USGS: Texas Uranium Deposits Could Provide US Nuclear Energy for Years
Natural gas, coal, wind are the resources that usually come to mind when we think about power generation in Texas. But a new study by the U.S. Geological Survey estimates Texas has enough uranium underground to power nuclear plants across the country for five years.
The USGS assessment found a 60-million-ton concentration of unmined uranium oxide embedded in sandstone under the Texas Coastal Plain – a deposit that, if developed, the agency estimates could supply a year’s worth of power to U.S. nuclear reactors.
The study also estimates that around 200 million pounds of uranium could be found in South Texas, in roughly the same part of the state where the Eagle Ford Shale holds massive reserves of oil and natural gas.
The study comes out right as supporters of nuclear are seeing a new opportunity. They think their fuel of choice might become an appealing option as the U.S. looks for fossil fuel alternatives to fight climate change. But, nuclear may still have a long way to go.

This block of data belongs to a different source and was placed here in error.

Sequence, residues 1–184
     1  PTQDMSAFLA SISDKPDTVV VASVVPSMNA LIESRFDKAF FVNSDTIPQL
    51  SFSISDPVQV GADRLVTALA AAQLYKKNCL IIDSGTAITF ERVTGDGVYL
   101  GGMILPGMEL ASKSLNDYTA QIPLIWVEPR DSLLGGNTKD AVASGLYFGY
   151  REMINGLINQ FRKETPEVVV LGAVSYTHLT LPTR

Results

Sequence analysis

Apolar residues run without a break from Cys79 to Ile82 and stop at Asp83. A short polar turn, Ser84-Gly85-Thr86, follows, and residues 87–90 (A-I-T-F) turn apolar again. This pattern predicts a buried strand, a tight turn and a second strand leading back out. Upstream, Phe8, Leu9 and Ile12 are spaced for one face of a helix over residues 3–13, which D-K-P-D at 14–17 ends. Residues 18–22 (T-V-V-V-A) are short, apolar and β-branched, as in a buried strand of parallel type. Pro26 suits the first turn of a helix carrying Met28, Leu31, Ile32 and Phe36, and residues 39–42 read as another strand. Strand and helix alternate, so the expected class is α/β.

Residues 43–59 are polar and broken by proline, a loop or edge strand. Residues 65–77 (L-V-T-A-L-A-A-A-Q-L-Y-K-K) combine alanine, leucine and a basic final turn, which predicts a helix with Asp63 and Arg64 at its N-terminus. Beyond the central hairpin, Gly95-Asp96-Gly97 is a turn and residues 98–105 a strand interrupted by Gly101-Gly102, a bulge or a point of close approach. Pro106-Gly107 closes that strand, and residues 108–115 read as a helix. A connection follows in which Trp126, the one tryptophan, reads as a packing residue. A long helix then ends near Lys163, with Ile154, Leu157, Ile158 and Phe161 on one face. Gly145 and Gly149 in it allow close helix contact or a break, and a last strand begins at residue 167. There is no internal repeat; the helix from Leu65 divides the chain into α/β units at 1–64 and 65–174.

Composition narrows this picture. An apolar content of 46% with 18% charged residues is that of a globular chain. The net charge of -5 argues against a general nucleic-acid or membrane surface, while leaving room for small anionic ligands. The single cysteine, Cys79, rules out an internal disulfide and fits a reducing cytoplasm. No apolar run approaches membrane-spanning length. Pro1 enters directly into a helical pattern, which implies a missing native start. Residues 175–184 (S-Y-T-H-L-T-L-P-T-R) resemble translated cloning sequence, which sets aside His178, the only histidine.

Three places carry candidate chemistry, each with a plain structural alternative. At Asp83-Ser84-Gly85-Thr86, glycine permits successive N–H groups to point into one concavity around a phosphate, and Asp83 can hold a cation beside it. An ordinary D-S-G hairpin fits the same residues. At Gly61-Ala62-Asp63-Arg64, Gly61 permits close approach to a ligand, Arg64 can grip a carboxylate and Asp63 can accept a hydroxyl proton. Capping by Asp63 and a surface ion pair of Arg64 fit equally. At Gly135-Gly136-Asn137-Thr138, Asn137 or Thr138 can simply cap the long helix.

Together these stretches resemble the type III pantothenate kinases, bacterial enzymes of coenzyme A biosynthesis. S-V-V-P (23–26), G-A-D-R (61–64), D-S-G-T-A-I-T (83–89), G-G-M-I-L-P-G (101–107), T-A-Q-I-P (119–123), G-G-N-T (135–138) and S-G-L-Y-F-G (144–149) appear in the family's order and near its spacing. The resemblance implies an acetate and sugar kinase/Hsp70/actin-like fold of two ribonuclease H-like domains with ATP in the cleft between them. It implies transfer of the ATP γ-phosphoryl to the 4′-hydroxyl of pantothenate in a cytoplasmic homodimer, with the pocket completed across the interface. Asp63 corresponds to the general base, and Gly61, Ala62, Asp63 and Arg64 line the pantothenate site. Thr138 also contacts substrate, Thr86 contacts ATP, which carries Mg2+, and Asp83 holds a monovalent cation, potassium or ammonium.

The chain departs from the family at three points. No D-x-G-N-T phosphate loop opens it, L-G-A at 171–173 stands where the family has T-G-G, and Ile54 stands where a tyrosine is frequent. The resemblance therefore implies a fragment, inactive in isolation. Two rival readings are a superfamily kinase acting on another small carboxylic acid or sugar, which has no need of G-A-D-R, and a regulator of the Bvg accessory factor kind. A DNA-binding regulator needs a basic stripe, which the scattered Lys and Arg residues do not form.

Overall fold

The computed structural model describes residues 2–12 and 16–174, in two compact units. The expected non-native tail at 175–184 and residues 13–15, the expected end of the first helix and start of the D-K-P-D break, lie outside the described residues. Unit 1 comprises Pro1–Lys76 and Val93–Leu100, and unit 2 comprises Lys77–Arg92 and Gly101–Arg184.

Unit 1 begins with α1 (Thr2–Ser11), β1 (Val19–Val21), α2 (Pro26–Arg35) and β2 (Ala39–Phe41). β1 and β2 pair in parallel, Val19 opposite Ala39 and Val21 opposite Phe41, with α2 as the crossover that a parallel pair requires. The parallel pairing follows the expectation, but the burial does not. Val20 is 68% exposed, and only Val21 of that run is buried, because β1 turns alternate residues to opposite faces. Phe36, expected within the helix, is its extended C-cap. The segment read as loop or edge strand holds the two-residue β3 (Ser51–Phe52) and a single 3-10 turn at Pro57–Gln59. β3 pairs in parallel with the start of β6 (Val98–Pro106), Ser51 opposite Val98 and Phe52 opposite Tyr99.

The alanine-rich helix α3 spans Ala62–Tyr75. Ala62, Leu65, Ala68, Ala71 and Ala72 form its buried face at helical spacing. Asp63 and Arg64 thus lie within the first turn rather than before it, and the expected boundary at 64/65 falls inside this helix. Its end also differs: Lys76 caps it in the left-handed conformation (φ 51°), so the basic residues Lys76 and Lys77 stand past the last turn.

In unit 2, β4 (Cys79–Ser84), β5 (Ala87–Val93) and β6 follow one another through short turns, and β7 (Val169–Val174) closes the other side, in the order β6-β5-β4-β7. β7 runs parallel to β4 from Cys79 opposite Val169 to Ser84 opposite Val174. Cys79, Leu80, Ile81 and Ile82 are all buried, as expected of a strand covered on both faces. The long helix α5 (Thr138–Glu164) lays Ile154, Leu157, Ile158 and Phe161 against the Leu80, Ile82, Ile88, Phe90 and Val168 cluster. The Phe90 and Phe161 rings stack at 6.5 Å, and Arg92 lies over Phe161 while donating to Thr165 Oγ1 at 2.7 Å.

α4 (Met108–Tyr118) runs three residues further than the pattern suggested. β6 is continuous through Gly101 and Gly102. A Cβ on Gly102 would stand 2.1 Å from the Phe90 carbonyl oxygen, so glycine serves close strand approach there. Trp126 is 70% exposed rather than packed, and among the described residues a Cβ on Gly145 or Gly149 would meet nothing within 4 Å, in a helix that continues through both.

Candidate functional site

The 2011 Fukushima Daiichi meltdowns in Japan further turned public opinion against the fuel. A new report from scientists at UT Austin has also called into question the long-term safety of one method of storing nuclear waste, suggesting the waste from the spent nuclear fuel could erode through rock salt deposits – where the waste is stored – and, potentially, into groundwater.
While nuclear power is responsible for fewer than 10 percent of the electricity produced in Texas, it accounts for about 20 percent of U.S. electricity use.
At a Bloomberg BNA-sponsored event last night, outgoing Austin Energy General Manager Larry Weis said that the city’s utility couldn’t affordably achieve Austin’s clean energy goals without nuclear power, which makes up about 16 percent of the utility’s energy portfolio.